(b) How accurately would you need to be able to measure arrival time differences to get a position resolution of 1.00 mm?

Table 32.1 indicates that 7.50 mCi of ${}^{\text{99m}}\text{Tc}$ is used in a brain scan. What is the mass of technetium?

The activities of ${}^{\text{131}}\text{I}$ and ${}^{\text{123}}\text{I}$ used in thyroid scans are given in Table 32.1 to be 50 and $\text{70 \mu}\mathrm{Ci}$, respectively. Find and compare the masses of ${}^{\text{131}}\text{I}$ and ${}^{\text{123}}\text{I}$ in such scans, given their respective half-lives are 8.04 d and 13.2 h. The masses are so small that the radioiodine is usually mixed with stable iodine as a carrier to ensure normal chemistry and distribution in the body.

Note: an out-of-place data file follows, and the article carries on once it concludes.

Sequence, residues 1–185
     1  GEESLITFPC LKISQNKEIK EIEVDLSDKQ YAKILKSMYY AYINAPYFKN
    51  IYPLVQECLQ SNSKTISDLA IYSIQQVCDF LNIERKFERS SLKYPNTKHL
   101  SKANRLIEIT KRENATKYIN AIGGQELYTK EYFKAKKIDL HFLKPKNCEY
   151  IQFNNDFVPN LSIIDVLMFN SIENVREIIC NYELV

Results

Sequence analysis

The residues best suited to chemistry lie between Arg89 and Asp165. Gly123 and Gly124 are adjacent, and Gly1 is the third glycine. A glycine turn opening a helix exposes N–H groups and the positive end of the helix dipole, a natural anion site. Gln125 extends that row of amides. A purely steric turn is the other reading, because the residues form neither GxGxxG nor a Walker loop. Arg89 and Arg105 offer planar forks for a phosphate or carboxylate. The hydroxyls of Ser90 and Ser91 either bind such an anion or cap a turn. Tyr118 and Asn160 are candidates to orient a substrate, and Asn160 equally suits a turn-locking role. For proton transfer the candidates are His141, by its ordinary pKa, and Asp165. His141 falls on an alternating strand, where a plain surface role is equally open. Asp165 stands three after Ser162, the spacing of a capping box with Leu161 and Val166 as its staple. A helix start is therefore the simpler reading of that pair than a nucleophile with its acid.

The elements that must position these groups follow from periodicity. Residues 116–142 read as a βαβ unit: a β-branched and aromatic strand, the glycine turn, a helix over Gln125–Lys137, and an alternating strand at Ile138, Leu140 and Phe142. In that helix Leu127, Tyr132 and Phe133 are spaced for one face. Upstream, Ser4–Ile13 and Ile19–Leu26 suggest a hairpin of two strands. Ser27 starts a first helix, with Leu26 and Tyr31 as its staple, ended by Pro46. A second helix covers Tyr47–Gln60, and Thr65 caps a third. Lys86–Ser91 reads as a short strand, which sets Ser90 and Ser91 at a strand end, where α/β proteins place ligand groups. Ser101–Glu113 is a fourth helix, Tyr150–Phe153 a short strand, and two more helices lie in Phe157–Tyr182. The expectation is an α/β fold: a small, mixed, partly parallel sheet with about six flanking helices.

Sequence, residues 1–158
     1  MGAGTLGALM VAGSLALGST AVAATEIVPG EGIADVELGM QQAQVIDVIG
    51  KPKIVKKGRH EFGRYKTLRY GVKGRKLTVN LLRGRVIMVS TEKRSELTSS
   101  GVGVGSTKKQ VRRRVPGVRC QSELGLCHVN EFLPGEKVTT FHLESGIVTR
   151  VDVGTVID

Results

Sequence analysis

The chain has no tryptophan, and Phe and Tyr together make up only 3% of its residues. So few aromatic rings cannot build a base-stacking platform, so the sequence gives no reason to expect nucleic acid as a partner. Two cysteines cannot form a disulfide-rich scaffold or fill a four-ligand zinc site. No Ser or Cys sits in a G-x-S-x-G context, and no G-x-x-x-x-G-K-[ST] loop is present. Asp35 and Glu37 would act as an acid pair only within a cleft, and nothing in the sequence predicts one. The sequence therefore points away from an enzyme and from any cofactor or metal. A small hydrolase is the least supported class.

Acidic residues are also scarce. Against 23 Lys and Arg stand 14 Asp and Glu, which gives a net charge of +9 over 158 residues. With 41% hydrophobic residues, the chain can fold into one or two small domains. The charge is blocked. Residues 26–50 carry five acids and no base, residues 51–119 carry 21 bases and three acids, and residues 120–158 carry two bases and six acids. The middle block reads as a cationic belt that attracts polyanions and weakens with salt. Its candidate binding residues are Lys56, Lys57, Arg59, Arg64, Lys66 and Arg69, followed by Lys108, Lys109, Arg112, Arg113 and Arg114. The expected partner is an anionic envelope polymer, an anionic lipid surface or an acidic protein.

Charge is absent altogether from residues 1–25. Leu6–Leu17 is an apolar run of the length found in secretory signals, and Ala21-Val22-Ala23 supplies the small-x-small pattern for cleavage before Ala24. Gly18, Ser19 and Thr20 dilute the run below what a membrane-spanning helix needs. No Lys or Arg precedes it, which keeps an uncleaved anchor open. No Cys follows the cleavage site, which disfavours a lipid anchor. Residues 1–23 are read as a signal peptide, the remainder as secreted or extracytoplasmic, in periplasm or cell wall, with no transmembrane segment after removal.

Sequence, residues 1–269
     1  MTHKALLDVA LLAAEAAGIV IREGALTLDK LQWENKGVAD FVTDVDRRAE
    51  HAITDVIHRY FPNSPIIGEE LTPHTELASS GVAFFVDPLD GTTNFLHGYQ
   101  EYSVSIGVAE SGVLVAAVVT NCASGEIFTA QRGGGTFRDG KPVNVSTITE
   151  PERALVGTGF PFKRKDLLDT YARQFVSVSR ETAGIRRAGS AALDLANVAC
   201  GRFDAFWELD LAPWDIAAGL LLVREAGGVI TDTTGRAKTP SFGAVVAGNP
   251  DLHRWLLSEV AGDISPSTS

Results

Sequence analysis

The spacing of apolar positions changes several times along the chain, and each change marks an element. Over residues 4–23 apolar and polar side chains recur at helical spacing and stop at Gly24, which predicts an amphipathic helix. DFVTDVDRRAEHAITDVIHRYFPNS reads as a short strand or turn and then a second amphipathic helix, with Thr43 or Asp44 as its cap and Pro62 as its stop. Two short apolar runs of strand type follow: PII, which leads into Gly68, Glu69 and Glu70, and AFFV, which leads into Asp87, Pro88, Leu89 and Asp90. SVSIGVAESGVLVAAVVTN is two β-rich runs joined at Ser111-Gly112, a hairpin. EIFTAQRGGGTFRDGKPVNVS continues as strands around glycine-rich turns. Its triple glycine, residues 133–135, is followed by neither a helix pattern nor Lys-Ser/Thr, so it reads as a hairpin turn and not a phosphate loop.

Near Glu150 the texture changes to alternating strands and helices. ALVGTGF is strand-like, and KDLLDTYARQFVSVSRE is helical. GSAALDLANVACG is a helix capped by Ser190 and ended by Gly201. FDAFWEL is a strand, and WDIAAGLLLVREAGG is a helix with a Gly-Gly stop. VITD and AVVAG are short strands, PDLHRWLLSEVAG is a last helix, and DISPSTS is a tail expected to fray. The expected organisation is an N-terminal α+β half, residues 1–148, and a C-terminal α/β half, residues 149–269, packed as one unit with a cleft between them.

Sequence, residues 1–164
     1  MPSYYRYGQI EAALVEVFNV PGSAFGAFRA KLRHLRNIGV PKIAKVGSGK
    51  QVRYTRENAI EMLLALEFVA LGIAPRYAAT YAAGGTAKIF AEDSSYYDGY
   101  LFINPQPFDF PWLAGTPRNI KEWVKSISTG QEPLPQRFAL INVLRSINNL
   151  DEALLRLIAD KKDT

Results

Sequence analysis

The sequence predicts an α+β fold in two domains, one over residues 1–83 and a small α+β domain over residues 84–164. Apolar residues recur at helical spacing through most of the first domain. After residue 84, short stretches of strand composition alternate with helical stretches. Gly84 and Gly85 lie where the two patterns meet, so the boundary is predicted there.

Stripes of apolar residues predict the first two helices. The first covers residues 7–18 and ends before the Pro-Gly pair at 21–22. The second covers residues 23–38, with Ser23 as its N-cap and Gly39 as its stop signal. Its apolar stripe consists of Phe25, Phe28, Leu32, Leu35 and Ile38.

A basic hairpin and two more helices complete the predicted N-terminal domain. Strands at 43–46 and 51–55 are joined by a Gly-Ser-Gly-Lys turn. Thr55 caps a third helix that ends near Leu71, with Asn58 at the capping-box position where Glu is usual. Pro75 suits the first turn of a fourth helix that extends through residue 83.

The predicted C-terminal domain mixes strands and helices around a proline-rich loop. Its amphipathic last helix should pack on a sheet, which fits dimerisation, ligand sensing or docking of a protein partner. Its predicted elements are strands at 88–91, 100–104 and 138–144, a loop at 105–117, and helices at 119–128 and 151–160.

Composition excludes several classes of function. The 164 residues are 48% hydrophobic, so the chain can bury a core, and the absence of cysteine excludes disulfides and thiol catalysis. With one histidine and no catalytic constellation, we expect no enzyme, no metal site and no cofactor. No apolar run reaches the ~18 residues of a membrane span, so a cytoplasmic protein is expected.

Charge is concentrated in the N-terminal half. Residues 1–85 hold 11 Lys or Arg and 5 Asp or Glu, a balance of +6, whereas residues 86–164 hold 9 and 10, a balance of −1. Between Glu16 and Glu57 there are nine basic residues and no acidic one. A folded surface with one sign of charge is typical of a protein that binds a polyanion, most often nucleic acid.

(a) Neutron activation of sodium, which is 100%${}^{\text{23}}\text{Na}$, produces ${}^{\text{24}}\text{Na}$, which is used in some heart scans, as seen in Table 32.1. The equation for the reaction is ${}^{\text{23}}\text{Na}+n\to {}^{\text{24}}\text{Na}+\gamma $. Find its energy output, given the mass of ${}^{\text{24}}\text{Na}$ is 23.990962 u.

(b) What mass of ${}^{\text{24}}\text{Na}$ produces the needed 5.0-mCi activity, given its half-life is 15.0 h?

What is the dose in mSv for: (a) a 0.1 Gy x-ray? (b) 2.5 mGy of neutron exposure to the eye? (c) 1.5 mGy of $\alpha $ exposure?

Find the radiation dose in Gy for: (a) A 10-mSv fluoroscopic x-ray series. (b) 50 mSv of skin exposure by an $\alpha $ emitter. (c) 160 mSv of ${\mathrm{\beta}}^{\mathrm{\u2013}}$ and $\gamma $ rays from the ${}^{\text{40}}\text{K}$ in your body.